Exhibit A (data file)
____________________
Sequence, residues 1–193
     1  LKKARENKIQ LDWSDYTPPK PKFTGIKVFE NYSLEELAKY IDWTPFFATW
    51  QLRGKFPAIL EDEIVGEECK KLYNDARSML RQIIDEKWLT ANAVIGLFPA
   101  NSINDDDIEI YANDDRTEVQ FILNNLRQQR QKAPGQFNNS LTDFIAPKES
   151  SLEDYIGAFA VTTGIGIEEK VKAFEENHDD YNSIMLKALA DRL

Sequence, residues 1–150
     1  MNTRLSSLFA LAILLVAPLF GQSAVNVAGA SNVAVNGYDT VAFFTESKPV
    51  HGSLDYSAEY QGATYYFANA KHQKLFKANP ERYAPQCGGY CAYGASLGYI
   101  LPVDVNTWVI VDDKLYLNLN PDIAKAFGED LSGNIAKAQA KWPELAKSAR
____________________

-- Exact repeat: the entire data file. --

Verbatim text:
Sequence, residues 1–193
     1  LKKARENKIQ LDWSDYTPPK PKFTGIKVFE NYSLEELAKY IDWTPFFATW
    51  QLRGKFPAIL EDEIVGEECK KLYNDARSML RQIIDEKWLT ANAVIGLFPA
   101  NSINDDDIEI YANDDRTEVQ FILNNLRQQR QKAPGQFNNS LTDFIAPKES
   151  SLEDYIGAFA VTTGIGIEEK VKAFEENHDD YNSIMLKALA DRL

Sequence, residues 1–150
     1  MNTRLSSLFA LAILLVAPLF GQSAVNVAGA SNVAVNGYDT VAFFTESKPV
    51  HGSLDYSAEY QGATYYFANA KHQKLFKANP ERYAPQCGGY CAYGASLGYI
   101  LPVDVNTWVI VDDKLYLNLN PDIAKAFGED LSGNIAKAQA KWPELAKSAR